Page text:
Davos: Ask some of the world's rich and powerful descending on Davos this week and they'll tell you: After a two-year pandemic-enforced hiatus from the Swiss ski resort, the annual meeting of the World Economic Forum just isn't going to be the same.
The guest-list is hundreds of names shorter, with many titans of finance conspicuously absent. The chiefs of Goldman Sachs Group and JPMorgan Chase & Co. aren't going. Neither is BlackRock Inc.'s Larry Fink or Steve Schwarzman, the private equity billionaire.
Also missing is the usual contingent of super-wealthy Russian tycoons - several who attended in 2020 are now sanctioned - and many of their Chinese counterparts. Even the timing and weather are off: Instead of the usual snow and crisp January air, the forecast for the May Davos is rain. (The WEF included umbrellas rather than crampons in the welcome pack for delegates.)
Minus the buzz
The lingering pandemic, rampant inflation, tumbling stock markets and the war in Ukraine mark a bleak backdrop for the five-day event. Looming over it all is this year's theme, which has an ominous ring: ‘History at a Turning Point’.
"I just don't think the excitement is there," said Wendy Craft, chief of staff at Fulcrum Equities, a New York-based family office. "The markets, war and the virus certainly don't help."
The event still expects to draw some 2,000 attendees, not counting the scores of other people who come but don't go to official events. Citigroup Inc.'s Jane Fraser and Bank of America Corp.'s Brian Moynihan will be there.
So too will roughly 90 billionaires tracked by the Bloomberg Billionaires Index. That includes philanthropists Bill Gates and George Soros, hedge fund mogul Ray Dalio, and India's Gautam Adani, whose personal fortune has skyrocketed this year, making him the world's sixth-richest person.
By comparison, at least 119 billionaires converged on the town in January 2020, just as the coronavirus outbreak began. That included Jamie Dimon, who this time around is staying in New York for a big JPMorgan investor day. Goldman is sending a handful of top bosses, but not David Solomon, its CEO.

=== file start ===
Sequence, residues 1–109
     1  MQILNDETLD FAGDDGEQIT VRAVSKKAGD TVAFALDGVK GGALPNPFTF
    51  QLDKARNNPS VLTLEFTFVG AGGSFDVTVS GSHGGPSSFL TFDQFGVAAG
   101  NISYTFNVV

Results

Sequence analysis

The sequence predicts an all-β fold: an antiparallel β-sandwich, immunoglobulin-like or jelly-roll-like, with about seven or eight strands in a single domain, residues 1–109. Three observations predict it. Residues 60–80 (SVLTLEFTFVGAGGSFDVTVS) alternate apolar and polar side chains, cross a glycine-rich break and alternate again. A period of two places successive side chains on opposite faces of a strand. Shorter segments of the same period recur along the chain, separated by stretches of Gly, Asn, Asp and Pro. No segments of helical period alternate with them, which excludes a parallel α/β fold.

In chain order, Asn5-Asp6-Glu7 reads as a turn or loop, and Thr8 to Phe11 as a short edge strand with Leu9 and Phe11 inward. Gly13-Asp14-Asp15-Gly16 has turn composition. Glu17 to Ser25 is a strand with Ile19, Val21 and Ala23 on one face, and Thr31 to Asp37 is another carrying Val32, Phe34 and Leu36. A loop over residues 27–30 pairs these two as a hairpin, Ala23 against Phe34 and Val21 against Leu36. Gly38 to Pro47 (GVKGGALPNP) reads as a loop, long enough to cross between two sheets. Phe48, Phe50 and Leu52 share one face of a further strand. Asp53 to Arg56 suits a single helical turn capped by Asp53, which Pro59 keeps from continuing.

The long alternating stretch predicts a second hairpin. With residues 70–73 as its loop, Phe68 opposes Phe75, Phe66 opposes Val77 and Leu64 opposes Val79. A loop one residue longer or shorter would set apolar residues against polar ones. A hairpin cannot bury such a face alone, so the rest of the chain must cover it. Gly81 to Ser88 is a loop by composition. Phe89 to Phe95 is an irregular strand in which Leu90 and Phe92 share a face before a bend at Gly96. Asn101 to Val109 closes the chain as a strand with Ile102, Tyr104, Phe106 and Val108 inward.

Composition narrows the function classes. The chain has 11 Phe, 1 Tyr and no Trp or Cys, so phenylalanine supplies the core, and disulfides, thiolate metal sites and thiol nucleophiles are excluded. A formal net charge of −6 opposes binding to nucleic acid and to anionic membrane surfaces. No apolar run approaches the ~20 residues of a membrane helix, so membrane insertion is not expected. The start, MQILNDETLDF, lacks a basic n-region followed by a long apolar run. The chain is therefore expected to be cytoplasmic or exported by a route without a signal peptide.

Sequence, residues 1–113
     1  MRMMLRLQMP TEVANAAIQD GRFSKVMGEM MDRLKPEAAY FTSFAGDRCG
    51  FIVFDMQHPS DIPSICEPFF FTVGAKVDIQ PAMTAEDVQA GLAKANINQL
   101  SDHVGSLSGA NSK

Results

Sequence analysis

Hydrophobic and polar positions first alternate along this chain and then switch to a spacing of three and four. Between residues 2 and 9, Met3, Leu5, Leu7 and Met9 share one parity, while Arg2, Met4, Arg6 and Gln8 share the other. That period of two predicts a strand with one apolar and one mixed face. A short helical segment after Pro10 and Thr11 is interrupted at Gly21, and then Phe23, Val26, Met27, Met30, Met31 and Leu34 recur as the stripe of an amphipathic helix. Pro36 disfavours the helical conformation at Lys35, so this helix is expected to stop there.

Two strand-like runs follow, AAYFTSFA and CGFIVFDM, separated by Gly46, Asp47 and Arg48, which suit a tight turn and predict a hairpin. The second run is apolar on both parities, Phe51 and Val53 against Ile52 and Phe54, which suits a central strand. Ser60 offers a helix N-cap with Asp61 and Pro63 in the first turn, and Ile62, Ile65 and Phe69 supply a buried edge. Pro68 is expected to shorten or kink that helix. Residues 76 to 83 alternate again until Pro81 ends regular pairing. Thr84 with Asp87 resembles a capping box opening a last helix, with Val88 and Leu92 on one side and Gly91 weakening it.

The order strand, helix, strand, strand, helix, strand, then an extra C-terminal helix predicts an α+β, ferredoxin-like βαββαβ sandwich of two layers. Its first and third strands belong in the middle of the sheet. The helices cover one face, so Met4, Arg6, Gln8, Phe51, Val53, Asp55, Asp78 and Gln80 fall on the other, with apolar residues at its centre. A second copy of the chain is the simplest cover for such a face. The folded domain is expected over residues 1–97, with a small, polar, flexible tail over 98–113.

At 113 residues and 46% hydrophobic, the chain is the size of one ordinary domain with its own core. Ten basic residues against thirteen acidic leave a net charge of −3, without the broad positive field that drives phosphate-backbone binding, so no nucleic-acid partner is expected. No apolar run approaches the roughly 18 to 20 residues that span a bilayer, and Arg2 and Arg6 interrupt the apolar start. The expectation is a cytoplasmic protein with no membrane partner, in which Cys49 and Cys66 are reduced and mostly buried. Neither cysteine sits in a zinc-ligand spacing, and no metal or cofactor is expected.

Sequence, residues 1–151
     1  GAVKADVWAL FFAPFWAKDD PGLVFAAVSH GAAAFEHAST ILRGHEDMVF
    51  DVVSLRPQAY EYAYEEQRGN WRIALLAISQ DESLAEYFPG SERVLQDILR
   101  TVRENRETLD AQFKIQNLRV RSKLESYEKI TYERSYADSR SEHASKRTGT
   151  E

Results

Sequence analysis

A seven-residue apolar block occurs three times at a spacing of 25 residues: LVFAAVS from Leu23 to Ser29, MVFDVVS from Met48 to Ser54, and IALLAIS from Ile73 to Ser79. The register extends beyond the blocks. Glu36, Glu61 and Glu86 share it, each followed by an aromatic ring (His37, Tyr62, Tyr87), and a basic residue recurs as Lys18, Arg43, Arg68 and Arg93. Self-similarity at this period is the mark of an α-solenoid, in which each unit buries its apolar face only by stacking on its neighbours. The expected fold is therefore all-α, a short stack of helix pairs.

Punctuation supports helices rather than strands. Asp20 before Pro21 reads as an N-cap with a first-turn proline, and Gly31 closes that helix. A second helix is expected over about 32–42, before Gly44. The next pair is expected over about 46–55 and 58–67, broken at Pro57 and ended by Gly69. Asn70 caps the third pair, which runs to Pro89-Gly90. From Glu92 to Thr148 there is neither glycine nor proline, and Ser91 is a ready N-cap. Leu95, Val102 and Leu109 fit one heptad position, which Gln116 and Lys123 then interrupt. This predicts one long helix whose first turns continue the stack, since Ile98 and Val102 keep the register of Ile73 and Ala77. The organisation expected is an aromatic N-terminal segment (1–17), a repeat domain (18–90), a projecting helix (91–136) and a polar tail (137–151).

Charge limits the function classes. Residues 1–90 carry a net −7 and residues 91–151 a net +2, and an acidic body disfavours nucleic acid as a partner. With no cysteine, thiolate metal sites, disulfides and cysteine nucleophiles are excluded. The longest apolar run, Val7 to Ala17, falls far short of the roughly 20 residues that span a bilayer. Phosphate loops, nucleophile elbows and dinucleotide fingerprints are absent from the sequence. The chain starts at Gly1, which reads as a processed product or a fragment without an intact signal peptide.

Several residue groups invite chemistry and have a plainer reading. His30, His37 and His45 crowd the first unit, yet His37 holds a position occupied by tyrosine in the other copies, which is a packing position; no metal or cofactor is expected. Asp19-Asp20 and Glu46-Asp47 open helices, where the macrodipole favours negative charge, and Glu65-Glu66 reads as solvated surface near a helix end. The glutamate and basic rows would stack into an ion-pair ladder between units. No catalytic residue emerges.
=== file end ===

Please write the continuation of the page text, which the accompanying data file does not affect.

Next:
While about 50 heads of state or government are slated to come, German Chancellor Olaf Scholz is the only Group of Seven leader.
And while President Donald Trump grabbed the spotlight in 2020, the US delegation this year will be led by Commerce Secretary Gina Raimondo. The most senior Chinese official is Xie Zhenhua, the special envoy for climate change.
Man of the moment, Ukranian President Volodymyr Zelenskiy, will address the gathering from war-torn Kiev on Monday. Once guests have attended a series of panels they can, as usual, climb the 33 stone steps to the Steigenberger Grandhotel Belvedere for closed-door confabs. They will have fewer parties to choose from in the evenings. JPMorgan, for instance, won't be hosting its traditional event in a local art gallery.
Many of those attending this year are nevertheless thrilled about a return to normalcy: the meetings, the handshakes, the sipping on a Monsteiner, the local beer made at Europe's highest-altitude brewery, at the Piano Bar.
"I am looking forward to seeing people in person," said Tim Gokey, CEO of Broadridge Financial Solutions Inc., based in Lake Success, New York.
David Spreng, the founder of venture debt lender Runway Growth Capital, said he elected to forgo his entrance pass to the meeting itself this year and plans to just go to offsite events, including some he helped organize. "I found that I can accomplish my new goals without a white badge," Spreng said.
The biggest difference of all might just be the weather. As one Wall Street executive recently quipped to an associate: Davos just isn't Davos without the snow.